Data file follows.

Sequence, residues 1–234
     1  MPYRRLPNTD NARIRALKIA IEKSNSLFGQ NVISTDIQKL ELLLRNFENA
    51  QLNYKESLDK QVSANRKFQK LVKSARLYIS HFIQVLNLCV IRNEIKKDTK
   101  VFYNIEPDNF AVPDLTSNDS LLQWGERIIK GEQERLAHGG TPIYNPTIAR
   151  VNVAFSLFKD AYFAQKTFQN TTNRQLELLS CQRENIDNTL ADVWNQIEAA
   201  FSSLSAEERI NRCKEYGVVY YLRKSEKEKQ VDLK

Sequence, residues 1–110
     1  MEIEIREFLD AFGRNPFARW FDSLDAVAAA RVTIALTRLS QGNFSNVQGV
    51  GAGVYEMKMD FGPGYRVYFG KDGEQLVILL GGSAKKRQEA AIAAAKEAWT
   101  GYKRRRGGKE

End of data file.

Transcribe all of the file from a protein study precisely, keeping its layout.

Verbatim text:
Sequence, residues 1–234
     1  MPYRRLPNTD NARIRALKIA IEKSNSLFGQ NVISTDIQKL ELLLRNFENA
    51  QLNYKESLDK QVSANRKFQK LVKSARLYIS HFIQVLNLCV IRNEIKKDTK
   101  VFYNIEPDNF AVPDLTSNDS LLQWGERIIK GEQERLAHGG TPIYNPTIAR
   151  VNVAFSLFKD AYFAQKTFQN TTNRQLELLS CQRENIDNTL ADVWNQIEAA
   201  FSSLSAEERI NRCKEYGVVY YLRKSEKEKQ VDLK

Sequence, residues 1–110
     1  MEIEIREFLD AFGRNPFARW FDSLDAVAAA RVTIALTRLS QGNFSNVQGV
    51  GAGVYEMKMD FGPGYRVYFG KDGEQLVILL GGSAKKRQEA AIAAAKEAWT
   101  GYKRRRGGKE